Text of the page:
Biden’s infrastructure plan advances: it will go to a vote in the Senate

Biden’s infrastructure plan advances: it will go to a vote in the Senate

Biden’s proposal won the backing of 18 Republican senators,

Photo: OLIVIER DOULIERY / AFP / Getty Images

WASHINGTON – The United States Senate agreed this Saturday move toward voting on President Joe Biden’s infrastructure plan, a procedure that paves the way for this important project.

With 67 votes in favor and 27 against, the senators agreed to end the debate, thus avoiding the danger of obstruction of this initiative.

The infrastructure plan proposal will go directly to a final vote in the Senate, although it was not defined when it will occur.

Biden’s proposal this time won the backing of 18 Republican senators, including John Cornyn (Texas) and Deb Fischer (Nebraska), who had previously voted against it.

If the Senate is endorsed, the bill will go to the House of Representatives, with a Democratic majority.

The Senate met today for the second consecutive weekend to discuss, before the August recess, this plan that seeks to invest approximately one trillion dollars over the next eight years for the reconstruction of bridges, railroads, ports and airports in the country.

The leader of the Democratic majority in the Senate, Chuck Schumer, opened the day by warning that they will remain in session until they finish their work and indicated that they can do it “the easy way or the hard way.”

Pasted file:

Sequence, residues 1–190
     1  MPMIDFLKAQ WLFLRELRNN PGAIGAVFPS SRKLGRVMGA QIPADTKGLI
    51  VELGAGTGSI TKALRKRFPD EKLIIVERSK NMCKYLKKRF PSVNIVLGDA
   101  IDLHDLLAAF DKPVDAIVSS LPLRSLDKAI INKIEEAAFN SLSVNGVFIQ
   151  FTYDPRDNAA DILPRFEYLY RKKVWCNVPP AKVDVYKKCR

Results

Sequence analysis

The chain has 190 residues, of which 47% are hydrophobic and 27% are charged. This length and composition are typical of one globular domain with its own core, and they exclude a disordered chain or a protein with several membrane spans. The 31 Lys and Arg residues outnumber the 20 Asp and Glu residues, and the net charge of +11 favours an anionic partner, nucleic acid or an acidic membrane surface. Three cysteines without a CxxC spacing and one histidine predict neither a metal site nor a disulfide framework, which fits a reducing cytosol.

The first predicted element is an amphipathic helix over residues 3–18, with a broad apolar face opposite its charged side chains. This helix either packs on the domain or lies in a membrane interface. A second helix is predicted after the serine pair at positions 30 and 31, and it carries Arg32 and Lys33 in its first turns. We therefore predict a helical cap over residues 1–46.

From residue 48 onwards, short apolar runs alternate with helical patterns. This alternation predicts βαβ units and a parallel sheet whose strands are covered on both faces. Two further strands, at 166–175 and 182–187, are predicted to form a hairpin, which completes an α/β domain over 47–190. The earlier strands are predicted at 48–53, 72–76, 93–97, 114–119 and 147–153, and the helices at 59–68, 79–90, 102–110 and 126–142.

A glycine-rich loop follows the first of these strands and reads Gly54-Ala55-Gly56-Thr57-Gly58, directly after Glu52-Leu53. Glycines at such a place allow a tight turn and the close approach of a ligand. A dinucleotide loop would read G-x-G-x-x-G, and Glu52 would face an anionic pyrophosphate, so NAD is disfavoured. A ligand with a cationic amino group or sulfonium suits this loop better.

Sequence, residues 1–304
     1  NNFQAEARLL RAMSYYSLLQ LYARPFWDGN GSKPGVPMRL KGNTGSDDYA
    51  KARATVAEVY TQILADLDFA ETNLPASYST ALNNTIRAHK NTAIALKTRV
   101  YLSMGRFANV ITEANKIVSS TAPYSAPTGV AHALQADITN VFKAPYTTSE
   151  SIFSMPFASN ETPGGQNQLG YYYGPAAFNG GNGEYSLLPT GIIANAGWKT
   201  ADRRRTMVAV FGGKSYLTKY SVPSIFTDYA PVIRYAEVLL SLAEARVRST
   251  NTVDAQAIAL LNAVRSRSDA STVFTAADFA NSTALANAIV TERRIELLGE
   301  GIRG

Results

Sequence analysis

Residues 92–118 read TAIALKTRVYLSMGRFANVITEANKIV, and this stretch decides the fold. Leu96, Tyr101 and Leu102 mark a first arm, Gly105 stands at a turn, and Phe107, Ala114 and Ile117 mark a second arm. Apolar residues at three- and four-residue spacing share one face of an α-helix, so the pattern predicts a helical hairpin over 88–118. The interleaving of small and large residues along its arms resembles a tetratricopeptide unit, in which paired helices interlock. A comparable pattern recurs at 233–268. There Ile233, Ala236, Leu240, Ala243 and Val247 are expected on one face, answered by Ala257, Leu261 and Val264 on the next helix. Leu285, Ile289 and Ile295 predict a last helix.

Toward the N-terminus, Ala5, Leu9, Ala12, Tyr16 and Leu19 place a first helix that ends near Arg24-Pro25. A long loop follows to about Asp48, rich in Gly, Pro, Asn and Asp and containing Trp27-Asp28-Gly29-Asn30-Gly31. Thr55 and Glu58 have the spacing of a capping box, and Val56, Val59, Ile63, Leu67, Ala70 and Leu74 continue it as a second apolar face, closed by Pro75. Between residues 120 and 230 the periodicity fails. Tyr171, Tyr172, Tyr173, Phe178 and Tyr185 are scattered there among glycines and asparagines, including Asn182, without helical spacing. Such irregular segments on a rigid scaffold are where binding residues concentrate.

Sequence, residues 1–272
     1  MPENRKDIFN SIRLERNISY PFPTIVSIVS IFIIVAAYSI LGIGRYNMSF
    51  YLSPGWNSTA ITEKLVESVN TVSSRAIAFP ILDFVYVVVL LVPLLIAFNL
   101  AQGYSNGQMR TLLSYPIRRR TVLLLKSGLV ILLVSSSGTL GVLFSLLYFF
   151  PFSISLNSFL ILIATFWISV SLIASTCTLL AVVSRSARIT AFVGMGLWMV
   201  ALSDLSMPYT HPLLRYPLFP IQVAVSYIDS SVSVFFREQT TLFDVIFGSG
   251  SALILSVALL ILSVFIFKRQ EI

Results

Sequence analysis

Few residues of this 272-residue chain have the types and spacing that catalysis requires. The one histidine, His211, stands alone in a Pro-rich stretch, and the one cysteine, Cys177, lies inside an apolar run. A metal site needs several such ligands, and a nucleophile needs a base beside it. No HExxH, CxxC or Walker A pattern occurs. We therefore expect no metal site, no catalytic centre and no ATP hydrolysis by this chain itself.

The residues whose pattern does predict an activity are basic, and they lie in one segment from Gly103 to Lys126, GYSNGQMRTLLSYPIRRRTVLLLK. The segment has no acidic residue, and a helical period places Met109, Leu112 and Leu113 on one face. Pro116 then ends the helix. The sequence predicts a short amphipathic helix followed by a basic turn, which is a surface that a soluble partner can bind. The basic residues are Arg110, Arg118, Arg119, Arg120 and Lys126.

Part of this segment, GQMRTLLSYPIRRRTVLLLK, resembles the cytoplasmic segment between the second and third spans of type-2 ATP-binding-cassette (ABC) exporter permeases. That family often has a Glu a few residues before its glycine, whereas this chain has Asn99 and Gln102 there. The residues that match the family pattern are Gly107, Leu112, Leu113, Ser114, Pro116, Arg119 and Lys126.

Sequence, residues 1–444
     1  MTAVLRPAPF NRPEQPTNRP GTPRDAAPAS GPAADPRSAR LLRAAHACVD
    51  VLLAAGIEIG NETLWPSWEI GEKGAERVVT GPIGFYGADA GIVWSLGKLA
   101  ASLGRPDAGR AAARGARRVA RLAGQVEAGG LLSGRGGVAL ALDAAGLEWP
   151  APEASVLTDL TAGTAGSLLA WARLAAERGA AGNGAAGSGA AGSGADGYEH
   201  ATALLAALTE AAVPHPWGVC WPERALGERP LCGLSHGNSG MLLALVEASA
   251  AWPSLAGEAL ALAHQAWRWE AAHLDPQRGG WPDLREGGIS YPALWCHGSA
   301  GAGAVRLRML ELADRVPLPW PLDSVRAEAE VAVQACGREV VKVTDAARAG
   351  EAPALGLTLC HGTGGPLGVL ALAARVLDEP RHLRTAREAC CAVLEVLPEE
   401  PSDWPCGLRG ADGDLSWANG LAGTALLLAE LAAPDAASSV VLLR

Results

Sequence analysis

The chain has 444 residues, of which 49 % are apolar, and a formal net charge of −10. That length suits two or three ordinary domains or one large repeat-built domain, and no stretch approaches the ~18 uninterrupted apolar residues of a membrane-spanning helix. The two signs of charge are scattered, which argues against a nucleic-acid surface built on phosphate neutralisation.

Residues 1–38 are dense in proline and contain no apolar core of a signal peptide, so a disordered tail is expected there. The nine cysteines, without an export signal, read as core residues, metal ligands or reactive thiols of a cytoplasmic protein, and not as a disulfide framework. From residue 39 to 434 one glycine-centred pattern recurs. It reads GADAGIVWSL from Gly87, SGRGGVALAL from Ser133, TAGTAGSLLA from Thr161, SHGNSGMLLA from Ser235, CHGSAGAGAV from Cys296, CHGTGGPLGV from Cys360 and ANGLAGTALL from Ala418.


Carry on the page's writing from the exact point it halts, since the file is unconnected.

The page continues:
However, Senate Republican Minority Leader Mitch McConnell – and one of those who has promoted the bill – admitted before the vote that there are “many pending amendments” that would improve the legislation.

The vote took place after a week of deliberations on the individual amendments tabled by the various senators and after agreement was reached on the final 2,700-page text last Sunday.

President Biden took to his Twitter account this Saturday to defend the bipartisan infrastructure agreement as a “historic investment.”

Biden assured that this project, together with his “Rebuild Better” plan, will create an average of “two million well-paying jobs each year over the next decade.”

“We cannot afford not to,” he added.

In a statement, the White House Office of Management and Budget highlighted that the plan “represents the most important long-term investment in infrastructure and US competitiveness in almost a century.”

In March, Biden proposed a $ 2.3 trillion investment, but the White House had to downgrade it amid criticism from Republicans.

Referring to the plan of his successor, former President Donald Trump (2017-2021) considered it a “shame” and warned representatives of his party, the Republican, that it will be “very difficult to endorse someone fool enough to vote in favor of this agreement ”.

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